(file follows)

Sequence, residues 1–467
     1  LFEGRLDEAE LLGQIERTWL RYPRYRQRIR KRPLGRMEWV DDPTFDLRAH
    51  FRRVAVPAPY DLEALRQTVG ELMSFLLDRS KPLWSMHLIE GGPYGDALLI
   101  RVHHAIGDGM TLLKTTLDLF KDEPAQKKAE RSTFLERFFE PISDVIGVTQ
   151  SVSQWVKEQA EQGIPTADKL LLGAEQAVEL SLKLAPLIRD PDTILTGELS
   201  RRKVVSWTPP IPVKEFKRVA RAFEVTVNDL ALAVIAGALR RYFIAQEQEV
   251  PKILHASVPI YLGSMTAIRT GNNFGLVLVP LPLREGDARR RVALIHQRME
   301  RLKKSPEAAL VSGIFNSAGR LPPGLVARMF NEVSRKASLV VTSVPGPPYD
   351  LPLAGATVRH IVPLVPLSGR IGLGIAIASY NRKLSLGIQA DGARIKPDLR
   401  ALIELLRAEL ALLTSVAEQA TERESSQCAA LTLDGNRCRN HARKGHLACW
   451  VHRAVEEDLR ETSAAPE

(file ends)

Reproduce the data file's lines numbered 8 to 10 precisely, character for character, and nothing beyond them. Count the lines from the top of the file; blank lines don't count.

   301  RLKKSPEAAL VSGIFNSAGR LPPGLVARMF NEVSRKASLV VTSVPGPPYD
   351  LPLAGATVRH IVPLVPLSGR IGLGIAIASY NRKLSLGIQA DGARIKPDLR
   401  ALIELLRAEL ALLTSVAEQA TERESSQCAA LTLDGNRCRN HARKGHLACW